If you find you’ve already met these particular goals, feel free to create your own and change things up. Set goals are a great way to make a craft business plan that will lead to long-term success.
Happy New Year!
The beginning of the year is time to take stock – literally and figuratively. You want to analyze your previous years sales, prepare to file taxes, and focus on getting prepared for the coming season.
Consider what worked well, what didn’t and what you may need to improve next year. Here are monthly goals to grow your craft business.
- How did you perform last year? Take note of any surprises (positive and negative) Use this list as a guidepost for the coming year.
- Based on your list, decide what items you will keep and what you might want to drop.
- Go through your supplies and take inventory so you know what you need and won’t overspend later on.
- Prepare your taxes from the previous year.
- Ready to start planning events? Use this time to start researching upcoming events. You can get free premium membership time at EventLister by participating in the community. Review the events you participated in previously, load information for forthcoming events you are aware of etc.
- Get ready for Spring. If you are a crafter who does Spring events, now it’s time to get started again.
- Consider your branding. Are you projecting the right image? Do you need to make some changes? Winter is a great time to focus on logos, design, color schemes etc.
- Expand your knowledge. The world is changing and with progress comes the need to modernize. Learn some new skills – Photoshop, Social Media, Marketing or even how to sell online. Look for sales on Udemy courses, visit blogs or even Youtube – knowledge is power.
- Narrow your niche. If you have too many eggs in your basket, this is a good time to focus on narrowing things down. This can save you time, money and hassle in the long-run. Another option is to split your ideas into more than one business. If you crochet and make soap for example, instead of one blanket name, create two.
- Check your display. If you do outdoor shows in particular, take time this month to check your canopy and do any repairs. Are your table covers looking a little worn? Perhaps it’s time to purchase or make new ones.
- If you do Spring craft fairs, ensure your spots are all reserved, your checks are mailed off and you’re Spring products are ready to go.
- If you received a tax return, you may want to invest a bit into your business now. Have a website created if you don’t already have one or purchase some nice business cards or replace anything that is worn out.
- Start preparing for the Fall season. Make a list of what you’ll be making, the supplies you’ll need and get everything ordered and ready to roll.
- Start preparing those fall goodies now. It’ll be here before you know it.
- If you take the summer off from doing shows, use this time to once again organize your work space.
- Slow months are a great time to once again focus on expanding your horizons – take a course or pick a topic and devote time to learning new skills that will help you.
- Have you considered selling your items in shops? Take some time to search out local stores that may be interested in carrying your items.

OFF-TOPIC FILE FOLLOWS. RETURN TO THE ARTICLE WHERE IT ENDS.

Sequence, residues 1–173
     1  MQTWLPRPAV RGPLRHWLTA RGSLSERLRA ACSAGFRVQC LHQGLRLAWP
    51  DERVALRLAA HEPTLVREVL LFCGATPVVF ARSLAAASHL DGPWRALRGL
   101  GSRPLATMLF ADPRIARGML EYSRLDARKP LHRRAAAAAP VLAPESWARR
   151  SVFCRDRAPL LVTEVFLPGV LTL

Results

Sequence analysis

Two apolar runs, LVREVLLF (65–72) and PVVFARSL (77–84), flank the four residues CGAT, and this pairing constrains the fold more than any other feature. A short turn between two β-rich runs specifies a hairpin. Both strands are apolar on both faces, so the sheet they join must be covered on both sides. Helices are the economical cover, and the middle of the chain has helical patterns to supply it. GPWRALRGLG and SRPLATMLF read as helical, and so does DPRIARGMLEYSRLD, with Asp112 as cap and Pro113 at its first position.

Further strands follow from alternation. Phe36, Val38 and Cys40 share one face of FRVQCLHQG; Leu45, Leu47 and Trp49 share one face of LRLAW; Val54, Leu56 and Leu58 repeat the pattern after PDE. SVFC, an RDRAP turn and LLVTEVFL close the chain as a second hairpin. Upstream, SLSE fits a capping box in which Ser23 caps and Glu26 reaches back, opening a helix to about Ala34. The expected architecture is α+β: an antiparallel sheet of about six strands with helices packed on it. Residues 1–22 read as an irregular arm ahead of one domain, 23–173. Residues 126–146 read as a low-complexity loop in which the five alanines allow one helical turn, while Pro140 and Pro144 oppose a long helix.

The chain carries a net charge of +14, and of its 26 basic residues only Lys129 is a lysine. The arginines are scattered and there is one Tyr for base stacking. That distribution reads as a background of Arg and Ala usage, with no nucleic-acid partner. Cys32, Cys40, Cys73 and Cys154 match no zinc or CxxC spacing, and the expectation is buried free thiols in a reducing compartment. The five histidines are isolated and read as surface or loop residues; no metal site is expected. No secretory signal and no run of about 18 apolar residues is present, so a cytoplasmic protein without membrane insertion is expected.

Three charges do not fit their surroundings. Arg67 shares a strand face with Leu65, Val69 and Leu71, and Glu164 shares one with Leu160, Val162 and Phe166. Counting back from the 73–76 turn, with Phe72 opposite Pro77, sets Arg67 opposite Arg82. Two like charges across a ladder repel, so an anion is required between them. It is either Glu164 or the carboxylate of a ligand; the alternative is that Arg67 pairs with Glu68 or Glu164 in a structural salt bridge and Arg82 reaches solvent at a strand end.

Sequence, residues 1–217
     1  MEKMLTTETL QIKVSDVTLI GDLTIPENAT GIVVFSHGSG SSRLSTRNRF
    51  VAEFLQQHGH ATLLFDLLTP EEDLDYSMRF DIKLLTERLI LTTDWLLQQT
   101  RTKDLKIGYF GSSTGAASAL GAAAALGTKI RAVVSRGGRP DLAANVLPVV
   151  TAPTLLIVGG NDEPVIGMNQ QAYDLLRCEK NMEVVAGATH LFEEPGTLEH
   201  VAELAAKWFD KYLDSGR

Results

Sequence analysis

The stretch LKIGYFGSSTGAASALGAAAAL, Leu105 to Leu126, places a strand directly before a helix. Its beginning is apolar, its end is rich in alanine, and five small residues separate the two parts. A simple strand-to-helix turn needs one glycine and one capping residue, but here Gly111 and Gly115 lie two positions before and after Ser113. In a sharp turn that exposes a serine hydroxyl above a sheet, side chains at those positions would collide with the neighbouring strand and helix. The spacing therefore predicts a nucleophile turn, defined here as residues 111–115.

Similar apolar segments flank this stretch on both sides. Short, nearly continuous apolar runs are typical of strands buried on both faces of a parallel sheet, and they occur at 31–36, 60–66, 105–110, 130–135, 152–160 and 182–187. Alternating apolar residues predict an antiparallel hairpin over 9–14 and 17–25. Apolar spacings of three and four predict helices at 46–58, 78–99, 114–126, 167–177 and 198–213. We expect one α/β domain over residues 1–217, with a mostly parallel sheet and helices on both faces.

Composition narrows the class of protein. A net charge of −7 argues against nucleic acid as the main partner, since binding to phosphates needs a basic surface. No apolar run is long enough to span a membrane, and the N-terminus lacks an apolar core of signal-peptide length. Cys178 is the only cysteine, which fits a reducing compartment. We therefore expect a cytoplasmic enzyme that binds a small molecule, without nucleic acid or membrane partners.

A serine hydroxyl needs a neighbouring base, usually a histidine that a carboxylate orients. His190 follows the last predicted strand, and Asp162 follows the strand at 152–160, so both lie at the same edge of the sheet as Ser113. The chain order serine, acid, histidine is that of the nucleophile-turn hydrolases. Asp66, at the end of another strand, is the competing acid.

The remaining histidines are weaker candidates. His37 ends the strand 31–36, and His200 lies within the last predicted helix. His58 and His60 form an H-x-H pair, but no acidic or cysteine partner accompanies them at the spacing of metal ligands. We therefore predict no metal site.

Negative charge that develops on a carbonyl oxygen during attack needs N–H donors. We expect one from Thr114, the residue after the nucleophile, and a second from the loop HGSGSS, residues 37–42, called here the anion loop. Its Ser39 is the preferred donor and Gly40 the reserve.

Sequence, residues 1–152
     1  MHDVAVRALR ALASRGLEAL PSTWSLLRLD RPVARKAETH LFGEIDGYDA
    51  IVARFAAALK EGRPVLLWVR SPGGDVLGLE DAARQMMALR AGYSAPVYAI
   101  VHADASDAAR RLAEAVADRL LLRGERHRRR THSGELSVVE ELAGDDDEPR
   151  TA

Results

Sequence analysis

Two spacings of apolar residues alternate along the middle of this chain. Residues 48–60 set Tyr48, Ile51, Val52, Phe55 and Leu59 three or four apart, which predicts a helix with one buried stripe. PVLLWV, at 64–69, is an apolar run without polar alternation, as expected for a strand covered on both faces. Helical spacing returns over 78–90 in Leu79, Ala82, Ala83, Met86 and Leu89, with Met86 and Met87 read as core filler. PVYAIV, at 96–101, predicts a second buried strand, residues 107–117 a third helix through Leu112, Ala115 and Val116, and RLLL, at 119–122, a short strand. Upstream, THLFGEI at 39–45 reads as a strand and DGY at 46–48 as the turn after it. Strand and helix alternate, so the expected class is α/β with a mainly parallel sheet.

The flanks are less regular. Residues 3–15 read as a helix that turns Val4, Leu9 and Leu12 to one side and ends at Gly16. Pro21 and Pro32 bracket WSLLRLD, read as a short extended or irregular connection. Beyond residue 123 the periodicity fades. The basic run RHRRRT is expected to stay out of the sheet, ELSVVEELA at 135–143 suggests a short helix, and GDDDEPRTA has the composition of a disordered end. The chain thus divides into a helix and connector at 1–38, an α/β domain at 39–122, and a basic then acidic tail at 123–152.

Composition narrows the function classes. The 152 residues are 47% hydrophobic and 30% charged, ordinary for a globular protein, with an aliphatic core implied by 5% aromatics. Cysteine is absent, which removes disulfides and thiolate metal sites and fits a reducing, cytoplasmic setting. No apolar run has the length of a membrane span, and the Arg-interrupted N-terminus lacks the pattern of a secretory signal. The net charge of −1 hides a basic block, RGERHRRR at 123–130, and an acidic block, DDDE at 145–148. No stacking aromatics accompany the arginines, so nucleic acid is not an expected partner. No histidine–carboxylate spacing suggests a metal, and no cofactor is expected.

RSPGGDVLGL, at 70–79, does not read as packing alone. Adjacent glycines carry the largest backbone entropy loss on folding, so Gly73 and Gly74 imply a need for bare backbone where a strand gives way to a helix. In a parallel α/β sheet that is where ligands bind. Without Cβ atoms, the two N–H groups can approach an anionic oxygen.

- Develop a quick “pitch” for any store where you think your products could sell well. You can sell wholesale, on consignment or rent a space – many options are available.
- Don’t want to sell in a brick and mortar store? Now might be a good time to learn about selling online via Facebook marketplace, Etsy and other venues.
- Start planning Christmas shows now and ordering supplies.
- Go through your Spring sales sheets and make notes on what your best/worst sellers were to gain some insight for next Spring.
- Consider if you need to do some rebranding or new packaging.
- Clean your canopy and other display items that may have been neglected.
- Finish Fall items and package them.
- Consider Autumn themed staging for your booth.
- Ensure all your Fall shows are booked and paid
- Check inventory of supplies like bags, price tags, sales slips and replenish if necessary.
- Start advertising your Fall shows. Post to social media, consider flyers on local event boards, church bulletins etc.
- Consider a Fall giveaway or other fun event.
- Anything Halloween themed should be finished/packaged for this month.
- If you do outdoor events ensure you are prepared for the often much cooler temps. In our area, October can be as unpredictable as Spring.
- Prepare a great sale or package that is holiday themed, like a gift basket of your items or buy 3 get 1 free. This is when people actively look for gifts for multiple people.
- Make sure your Christmas items are finished and ready to go during the first part of the month.
- Consider offering gift wrapping or special packaging for Christmas gifts and make a sign stating you offer that as an option.
- The first two weeks are your big sales time, after that it’s time to close shop for a bit. Push hard with incentives to get people to buy up those Christmas items.
- After the final sale, create an inventory of your items that are left over and go through your sales slips to see what were your best/worst sellers for the holiday season.
- Breathe and enjoy a rest until January!
If you follow these tips and general timeline you should grow your craft business more each year. If you are a first timer, it may take 2 to 3 seasons to really start expanding. Many people give up before giving it a real shot.